When my twins were 3 years old, I decided to dress up with them to go trick-or-treating. It was the first year that they understood what Halloween meant and that what it meant was candy. They were excited, and I wanted to add to that excitement by dressing up as a penguin.
It made sense at the time.
On Halloween you'll see photos of families dressed up together: They're all superheroes, or characters from a fairy tale, or the kids are hot dogs and their parents are ketchup and mustard. When parents are willing to wear spandex in public for their kids, you have to respect that. I am not that brave, however, so I looked for something silly and baggy that my kids would think was funny. And that's how I found a penguin in a bow tie:
I loved this costume — it's not a sexy penguin, or a penguin wearing something distasteful like a denim pantsuit, it's a distinguished penguin with a penchant for conservative neckwear. That's the kind of penguin I can get down with.
On Halloween night I Velcroed on my costume, straightened my bow tie, and went out to greet my family. My children were ecstatic. My husband was ashamed. I was ready to paint the town penguin.
Off we went to the local country club, which is widely known as the place where they give out the good candy. Sure, sometimes you get a sugar-free lollipop and a toothbrush, but most of the time you get full-sized Hershey bars, so it's worth the risk.
I knew almost immediately after stepping out of the car that I had made an error: I was the only trick-or-treating adult dressed in costume. I don't mean I was one of two or three. I mean I was one of one among hundreds of people. I wouldn't have thought it was possible to be that far off the mark, but I was. I came as a penguin, and all the other parents came as drunk.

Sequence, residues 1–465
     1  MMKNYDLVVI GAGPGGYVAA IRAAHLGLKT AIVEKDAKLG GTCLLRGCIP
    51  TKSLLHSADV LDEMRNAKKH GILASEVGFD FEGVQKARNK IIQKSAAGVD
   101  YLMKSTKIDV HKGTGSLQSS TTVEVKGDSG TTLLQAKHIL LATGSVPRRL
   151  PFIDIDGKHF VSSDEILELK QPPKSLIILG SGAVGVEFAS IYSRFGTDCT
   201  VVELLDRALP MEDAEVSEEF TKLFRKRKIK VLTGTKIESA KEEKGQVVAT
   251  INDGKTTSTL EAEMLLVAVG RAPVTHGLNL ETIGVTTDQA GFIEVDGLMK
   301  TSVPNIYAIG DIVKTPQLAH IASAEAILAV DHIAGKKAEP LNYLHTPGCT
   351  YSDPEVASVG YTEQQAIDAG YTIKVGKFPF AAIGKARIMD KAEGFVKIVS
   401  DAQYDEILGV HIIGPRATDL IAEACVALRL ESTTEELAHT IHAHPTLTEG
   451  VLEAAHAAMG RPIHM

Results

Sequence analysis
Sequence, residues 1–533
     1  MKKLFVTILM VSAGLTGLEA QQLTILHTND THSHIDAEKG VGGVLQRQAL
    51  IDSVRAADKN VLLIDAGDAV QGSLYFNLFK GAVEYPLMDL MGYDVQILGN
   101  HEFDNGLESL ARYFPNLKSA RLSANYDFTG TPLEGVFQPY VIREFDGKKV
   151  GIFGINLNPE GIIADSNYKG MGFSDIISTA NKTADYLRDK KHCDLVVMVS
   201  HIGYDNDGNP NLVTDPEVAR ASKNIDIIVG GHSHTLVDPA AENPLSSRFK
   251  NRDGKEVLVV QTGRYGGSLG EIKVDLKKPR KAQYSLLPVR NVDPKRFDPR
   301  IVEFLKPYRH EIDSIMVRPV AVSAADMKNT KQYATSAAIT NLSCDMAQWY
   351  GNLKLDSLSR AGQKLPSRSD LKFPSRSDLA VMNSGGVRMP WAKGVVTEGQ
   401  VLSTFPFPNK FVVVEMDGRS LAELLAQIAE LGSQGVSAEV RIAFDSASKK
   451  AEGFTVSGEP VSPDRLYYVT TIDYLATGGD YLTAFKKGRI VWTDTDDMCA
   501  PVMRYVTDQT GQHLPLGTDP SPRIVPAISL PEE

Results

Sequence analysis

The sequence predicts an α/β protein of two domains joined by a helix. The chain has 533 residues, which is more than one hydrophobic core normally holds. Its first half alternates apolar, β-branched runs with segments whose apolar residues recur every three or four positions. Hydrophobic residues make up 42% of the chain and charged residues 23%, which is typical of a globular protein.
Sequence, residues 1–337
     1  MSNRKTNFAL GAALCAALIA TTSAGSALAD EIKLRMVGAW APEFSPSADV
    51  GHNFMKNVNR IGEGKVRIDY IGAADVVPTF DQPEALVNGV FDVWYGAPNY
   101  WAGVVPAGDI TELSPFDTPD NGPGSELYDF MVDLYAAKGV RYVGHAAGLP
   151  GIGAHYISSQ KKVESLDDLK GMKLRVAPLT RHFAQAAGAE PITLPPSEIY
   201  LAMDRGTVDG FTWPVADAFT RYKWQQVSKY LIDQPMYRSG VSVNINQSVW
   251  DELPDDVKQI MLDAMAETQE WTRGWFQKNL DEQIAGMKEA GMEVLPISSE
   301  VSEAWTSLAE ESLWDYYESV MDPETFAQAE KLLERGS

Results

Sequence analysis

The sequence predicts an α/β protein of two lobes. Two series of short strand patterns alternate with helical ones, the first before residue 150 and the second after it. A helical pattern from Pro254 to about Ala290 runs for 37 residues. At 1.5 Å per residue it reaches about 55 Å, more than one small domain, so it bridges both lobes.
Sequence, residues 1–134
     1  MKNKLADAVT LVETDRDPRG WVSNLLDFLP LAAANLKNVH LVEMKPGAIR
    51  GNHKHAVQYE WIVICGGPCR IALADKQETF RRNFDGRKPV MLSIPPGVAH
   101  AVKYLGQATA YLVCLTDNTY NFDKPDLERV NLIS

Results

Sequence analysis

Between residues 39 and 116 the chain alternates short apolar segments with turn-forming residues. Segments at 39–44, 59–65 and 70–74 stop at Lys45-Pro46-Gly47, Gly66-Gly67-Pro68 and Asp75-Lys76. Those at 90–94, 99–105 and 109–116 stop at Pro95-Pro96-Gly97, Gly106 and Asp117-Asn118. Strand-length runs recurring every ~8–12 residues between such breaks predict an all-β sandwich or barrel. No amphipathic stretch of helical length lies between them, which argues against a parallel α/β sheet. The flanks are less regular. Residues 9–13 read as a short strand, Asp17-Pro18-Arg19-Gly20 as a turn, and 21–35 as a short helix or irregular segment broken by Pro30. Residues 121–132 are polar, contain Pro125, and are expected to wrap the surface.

Now, I'm not someone who embarrasses easily. I have little to no shame. And that night, when I was flopping around with my penguin feet and sweating through my penguin hood, what I felt wasn't embarrassment, it was jealousy. The other parents looked so comfortable strolling around with their regular pants, comfortable shoes, and drinks in hand. Guess who couldn't hold a drink? Me. Because I had flippers.
About 30 minutes into the evening, I was over it. The novelty had worn off. Most of the people I saw that night — from babies to the elderly — were confused by my costume. They looked to see if there was some kind of a common theme between my costume and my children's, but given that my children were dressed as a fairy and a ninja, it would have taken a lot of creativity to fit a penguin into that story. Some laughed and enjoyed it, and then there were teenagers, who just laughed because they are the worst.
After I put the kids to bed that night, I threw out my costume, stole all the Kit Kats from the kids' stashes, and decided that I would not be dressing up on Halloween again. Seeing me in costume was a lot of fun for my kids, but only for about 10 minutes; that's because they were 3 years old, and what they cared about was M&M's.
The most important parts of Halloween are that my kids have fun, that they get a lot of Kit Kats for Mom, and that I'm able to take them through the night with a good attitude. What I've learned is that they are going to have fun regardless of whether or not I am a penguin, and I am going to have fun in comfortable clothes.
And a gin and tonic in a travel mug doesn't hurt, either.
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